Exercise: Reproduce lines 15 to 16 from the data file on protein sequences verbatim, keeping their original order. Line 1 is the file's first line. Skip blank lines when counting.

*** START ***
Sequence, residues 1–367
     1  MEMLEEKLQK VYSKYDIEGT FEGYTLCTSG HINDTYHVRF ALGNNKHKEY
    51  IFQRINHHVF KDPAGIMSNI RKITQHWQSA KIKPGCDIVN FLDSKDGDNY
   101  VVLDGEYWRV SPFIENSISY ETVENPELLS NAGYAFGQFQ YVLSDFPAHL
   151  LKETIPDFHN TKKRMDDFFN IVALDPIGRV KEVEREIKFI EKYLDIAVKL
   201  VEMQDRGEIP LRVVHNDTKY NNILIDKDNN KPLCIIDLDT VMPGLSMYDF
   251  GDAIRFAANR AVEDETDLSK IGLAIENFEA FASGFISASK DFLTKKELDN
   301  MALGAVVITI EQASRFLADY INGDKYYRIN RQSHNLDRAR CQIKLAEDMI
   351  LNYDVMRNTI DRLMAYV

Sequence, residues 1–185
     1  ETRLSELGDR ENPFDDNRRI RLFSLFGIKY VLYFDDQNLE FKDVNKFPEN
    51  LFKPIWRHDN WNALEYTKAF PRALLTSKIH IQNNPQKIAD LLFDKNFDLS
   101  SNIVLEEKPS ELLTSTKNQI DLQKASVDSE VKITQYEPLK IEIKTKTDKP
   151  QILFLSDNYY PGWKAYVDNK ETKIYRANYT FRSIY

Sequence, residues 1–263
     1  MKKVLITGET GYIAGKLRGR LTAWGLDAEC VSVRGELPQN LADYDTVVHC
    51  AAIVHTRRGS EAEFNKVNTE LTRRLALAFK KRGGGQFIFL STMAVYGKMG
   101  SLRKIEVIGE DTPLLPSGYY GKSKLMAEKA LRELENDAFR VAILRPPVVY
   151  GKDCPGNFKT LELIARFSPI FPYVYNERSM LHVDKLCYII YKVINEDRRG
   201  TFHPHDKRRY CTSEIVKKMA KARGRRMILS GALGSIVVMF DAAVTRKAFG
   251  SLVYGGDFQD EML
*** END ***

Sequence, residues 1–263
     1  MKKVLITGET GYIAGKLRGR LTAWGLDAEC VSVRGELPQN LADYDTVVHC